Knötel’s Homer -- By: Samuel Colcord Bartlett
BSac 54:216 (Oct 1897) p. 688
The appearance of Knötel’s two volumes on “Homer the Blind Man of Chios”1 both presents a valuable lesson in the historical investigation of a literary question, and apparently marks a new epoch in the assured recognition of Homer’s personality and work. For a century Fried-rich August Wolf and his followers have claimed to dominate the literary world with the theory that the Homeric poems were a compilation of what he termed rhapsodies composed by various unknown authors, and not the work of any one person bearing the name Homer.
It is to demolish this skillfully elaborated and widely current theory that Knötel has written these two scholarly volumes. He fully recognizes the tenacity with which the theory has been held by its advocates, and the impossibility of dealing with it on the ground of mere literary criticism without some historic basis on which the discussion shall rest. For, as he remarks, the attempt to rebut critique with counter critique proceeding from within outward, is hopeless, and we can never thus reach a clear, tangible, and conclusive result. He earnestly asserts and reiterates that the Homeric question is no grammatico-critical or purely literary question, but by all odds a historical one, which cannot be settled by acute conjectures or critical keenness of scent, but by well-proved facts. This
BSac 54:216 (Oct 1897) p. 689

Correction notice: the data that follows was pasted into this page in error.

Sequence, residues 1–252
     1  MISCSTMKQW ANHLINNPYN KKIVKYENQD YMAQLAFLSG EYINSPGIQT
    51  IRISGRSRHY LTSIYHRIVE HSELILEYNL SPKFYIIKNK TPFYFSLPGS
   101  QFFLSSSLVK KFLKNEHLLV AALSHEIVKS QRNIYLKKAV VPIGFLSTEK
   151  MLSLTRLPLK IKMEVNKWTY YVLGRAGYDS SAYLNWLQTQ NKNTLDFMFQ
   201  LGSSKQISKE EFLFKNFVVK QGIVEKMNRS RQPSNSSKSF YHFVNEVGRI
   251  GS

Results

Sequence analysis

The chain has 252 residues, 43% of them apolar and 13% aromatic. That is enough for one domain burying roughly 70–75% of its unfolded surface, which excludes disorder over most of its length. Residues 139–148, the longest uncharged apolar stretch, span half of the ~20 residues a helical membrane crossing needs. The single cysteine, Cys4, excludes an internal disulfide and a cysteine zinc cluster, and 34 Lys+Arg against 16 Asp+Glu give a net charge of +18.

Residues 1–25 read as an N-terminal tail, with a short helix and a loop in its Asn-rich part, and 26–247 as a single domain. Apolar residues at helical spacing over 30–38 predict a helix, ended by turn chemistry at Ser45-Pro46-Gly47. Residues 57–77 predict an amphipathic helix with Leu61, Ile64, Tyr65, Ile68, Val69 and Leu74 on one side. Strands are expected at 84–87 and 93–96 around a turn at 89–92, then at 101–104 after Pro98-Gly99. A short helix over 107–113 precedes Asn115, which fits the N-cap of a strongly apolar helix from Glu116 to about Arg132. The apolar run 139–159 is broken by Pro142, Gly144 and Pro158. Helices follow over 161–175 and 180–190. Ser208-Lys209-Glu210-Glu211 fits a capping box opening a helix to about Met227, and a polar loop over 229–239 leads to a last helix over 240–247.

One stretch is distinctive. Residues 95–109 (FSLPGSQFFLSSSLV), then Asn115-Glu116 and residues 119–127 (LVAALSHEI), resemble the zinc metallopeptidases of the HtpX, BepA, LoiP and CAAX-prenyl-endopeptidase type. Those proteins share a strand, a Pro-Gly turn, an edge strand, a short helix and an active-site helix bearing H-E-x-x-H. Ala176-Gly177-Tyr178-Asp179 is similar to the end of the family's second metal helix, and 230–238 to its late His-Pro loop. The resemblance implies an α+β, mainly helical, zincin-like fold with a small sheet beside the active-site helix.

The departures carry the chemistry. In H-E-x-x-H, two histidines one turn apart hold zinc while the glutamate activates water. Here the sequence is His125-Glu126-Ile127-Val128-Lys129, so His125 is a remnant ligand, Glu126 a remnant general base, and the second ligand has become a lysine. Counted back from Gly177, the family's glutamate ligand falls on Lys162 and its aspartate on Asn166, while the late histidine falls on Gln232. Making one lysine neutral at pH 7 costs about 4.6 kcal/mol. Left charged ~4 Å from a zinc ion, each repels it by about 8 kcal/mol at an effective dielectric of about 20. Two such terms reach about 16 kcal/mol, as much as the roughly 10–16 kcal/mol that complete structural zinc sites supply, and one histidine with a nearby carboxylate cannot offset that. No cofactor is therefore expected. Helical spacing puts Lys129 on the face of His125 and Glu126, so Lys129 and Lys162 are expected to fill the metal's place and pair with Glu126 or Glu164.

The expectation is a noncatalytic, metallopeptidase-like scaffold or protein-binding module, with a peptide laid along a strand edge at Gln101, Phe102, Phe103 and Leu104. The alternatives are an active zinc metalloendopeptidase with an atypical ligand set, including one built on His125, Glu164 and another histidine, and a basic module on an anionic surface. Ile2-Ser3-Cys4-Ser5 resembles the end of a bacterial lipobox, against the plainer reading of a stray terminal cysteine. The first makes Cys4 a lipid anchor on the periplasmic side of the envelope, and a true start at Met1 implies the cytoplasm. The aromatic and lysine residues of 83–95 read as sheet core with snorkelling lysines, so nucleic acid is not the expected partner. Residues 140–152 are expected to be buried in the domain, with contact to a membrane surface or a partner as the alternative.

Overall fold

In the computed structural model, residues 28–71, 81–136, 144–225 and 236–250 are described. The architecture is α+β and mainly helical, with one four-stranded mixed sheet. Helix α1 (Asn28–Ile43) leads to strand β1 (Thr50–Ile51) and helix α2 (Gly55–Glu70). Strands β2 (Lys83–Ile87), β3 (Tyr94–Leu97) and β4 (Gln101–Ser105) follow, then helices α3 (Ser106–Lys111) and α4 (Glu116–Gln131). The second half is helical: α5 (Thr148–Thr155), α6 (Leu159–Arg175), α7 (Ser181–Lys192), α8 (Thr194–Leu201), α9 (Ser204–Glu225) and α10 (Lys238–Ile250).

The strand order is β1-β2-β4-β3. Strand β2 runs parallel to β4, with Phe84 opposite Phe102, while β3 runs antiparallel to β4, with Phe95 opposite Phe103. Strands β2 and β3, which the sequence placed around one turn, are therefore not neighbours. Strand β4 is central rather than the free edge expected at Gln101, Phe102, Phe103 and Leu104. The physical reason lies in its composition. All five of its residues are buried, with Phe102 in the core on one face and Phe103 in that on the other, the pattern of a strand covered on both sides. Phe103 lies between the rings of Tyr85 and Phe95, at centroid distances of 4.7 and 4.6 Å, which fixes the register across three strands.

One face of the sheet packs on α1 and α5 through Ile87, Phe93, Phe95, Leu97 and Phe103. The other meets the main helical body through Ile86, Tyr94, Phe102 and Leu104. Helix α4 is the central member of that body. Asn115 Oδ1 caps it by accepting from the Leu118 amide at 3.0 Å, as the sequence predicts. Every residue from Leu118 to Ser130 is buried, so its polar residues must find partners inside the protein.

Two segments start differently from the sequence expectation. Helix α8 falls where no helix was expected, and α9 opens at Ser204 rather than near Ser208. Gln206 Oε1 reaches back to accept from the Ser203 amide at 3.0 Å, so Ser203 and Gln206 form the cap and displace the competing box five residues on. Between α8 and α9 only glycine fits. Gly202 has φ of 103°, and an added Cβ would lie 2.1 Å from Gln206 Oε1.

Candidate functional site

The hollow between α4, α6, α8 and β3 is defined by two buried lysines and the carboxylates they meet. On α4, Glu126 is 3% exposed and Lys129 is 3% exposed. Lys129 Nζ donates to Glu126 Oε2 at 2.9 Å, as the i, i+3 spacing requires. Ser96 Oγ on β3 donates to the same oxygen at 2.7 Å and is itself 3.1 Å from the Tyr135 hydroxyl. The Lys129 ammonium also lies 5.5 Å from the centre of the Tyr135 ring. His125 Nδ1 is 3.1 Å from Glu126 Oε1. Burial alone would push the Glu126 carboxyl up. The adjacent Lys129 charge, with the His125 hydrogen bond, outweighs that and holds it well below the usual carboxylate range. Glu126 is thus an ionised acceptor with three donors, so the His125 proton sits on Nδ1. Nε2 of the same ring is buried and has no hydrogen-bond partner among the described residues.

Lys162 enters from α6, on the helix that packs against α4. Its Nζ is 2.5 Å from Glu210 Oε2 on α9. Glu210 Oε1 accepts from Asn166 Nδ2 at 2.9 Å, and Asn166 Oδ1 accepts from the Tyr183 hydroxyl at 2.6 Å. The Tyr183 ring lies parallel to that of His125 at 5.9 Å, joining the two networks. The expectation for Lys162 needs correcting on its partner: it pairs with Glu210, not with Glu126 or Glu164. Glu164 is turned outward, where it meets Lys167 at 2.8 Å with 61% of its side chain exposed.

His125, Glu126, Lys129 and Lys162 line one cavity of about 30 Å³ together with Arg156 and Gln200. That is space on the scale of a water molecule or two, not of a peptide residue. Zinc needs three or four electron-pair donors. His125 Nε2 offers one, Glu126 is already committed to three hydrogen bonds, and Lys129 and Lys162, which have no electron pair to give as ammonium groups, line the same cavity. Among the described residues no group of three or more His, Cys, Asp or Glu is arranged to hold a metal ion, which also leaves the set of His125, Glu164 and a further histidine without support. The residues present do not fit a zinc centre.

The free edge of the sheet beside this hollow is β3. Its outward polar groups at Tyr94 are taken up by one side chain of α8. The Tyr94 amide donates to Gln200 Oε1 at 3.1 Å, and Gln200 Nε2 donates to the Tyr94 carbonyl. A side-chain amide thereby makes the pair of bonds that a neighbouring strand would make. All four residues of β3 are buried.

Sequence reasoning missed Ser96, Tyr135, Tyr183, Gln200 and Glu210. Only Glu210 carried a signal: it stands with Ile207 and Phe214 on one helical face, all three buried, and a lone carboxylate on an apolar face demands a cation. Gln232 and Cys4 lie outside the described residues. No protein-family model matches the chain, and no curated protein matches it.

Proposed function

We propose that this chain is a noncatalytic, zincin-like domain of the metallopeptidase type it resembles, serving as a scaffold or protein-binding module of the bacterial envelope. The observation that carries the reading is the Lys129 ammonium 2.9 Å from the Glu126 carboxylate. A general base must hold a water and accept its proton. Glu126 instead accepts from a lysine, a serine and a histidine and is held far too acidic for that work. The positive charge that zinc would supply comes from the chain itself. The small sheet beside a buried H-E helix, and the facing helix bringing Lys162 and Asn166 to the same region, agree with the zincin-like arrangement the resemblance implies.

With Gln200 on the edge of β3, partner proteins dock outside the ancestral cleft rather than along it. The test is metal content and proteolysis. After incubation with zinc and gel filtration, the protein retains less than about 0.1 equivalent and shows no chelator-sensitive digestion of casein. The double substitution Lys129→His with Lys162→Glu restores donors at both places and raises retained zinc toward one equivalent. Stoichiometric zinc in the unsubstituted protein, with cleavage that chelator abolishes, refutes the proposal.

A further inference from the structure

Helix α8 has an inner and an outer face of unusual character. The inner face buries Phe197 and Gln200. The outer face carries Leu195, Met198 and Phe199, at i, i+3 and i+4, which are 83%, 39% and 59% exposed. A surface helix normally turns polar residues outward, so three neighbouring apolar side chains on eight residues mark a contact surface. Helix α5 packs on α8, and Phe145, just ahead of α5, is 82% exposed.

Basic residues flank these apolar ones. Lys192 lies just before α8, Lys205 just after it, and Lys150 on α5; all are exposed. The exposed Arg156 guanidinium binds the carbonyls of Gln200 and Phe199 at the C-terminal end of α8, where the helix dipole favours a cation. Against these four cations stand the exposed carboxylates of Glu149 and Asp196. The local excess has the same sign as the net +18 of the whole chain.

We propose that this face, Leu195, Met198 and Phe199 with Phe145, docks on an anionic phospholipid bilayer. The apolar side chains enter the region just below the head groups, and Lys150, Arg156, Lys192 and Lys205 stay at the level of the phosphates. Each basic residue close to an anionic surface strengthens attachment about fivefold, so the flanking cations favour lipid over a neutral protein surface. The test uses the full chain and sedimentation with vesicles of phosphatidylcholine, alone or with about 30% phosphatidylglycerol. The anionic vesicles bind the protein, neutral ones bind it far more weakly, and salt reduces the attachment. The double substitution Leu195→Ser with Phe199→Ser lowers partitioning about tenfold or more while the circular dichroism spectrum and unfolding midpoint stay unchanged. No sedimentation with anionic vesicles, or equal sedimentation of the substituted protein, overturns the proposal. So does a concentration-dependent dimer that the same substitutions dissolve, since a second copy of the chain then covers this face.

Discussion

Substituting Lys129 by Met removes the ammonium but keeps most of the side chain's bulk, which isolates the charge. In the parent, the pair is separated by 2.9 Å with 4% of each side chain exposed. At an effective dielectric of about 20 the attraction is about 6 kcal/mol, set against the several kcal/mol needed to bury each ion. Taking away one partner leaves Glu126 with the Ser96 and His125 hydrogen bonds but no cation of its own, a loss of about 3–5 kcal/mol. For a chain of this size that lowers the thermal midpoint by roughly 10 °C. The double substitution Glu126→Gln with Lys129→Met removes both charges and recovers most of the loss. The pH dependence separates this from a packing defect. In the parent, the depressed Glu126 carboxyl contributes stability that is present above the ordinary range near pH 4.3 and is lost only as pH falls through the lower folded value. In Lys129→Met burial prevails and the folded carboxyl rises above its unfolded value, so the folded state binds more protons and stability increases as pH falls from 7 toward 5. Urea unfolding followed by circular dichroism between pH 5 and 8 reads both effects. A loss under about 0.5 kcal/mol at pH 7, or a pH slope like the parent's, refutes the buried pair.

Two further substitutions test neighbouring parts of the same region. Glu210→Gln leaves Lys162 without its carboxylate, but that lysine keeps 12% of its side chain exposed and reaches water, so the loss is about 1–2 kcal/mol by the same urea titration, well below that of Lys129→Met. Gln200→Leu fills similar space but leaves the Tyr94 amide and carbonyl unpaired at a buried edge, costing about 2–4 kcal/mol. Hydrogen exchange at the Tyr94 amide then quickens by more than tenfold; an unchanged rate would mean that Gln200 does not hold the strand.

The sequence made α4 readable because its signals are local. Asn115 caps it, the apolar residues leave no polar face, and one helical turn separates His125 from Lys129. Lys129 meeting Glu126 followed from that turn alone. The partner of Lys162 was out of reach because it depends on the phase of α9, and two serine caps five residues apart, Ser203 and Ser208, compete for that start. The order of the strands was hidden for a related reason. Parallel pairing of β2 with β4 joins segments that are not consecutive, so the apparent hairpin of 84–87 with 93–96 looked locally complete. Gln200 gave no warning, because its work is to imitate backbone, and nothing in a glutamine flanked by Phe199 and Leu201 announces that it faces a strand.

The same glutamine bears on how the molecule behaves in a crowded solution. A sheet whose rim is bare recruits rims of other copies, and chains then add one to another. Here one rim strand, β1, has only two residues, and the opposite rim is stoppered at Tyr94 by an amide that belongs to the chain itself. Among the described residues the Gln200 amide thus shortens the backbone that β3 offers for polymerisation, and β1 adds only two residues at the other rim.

matter-of-fact aspect, he maintains, has been wholly lost sight of, and “thus we have fallen into a literary quagmire, where no sure step or firm foothold further is possible.”
To find a firm historic starting-point he turns to the great historian Thucydides and the Homeric hymns. Thucydides, besides twice referring elsewhere to Homer, in chapter 3. 104 makes two quotations from the hymn to the Delian Apollo, not only distinctly ascribing them to Homer, but also affirming that in the second of these passages Homer alludes to himself. The historian, after describing the nature of the great festival held in very early times at Delos by the Ionians and the neighboring islanders, proceeds thus (as rendered by Jowett): “The character of the festival is attested by Homer in the following verses which are taken from the hymn to Apollo:—
At other times, Phoebus, Delos is dearest to thine heart,
Where are gathered together the Ionians in flowing robes,
With their wives and children, in thy street;
There do they delight thee with boxing, dancing, and song,
Making mention of thy name at the meeting of the assembly.’
And that there were musical contests which attracted competitors is implied in the fo...
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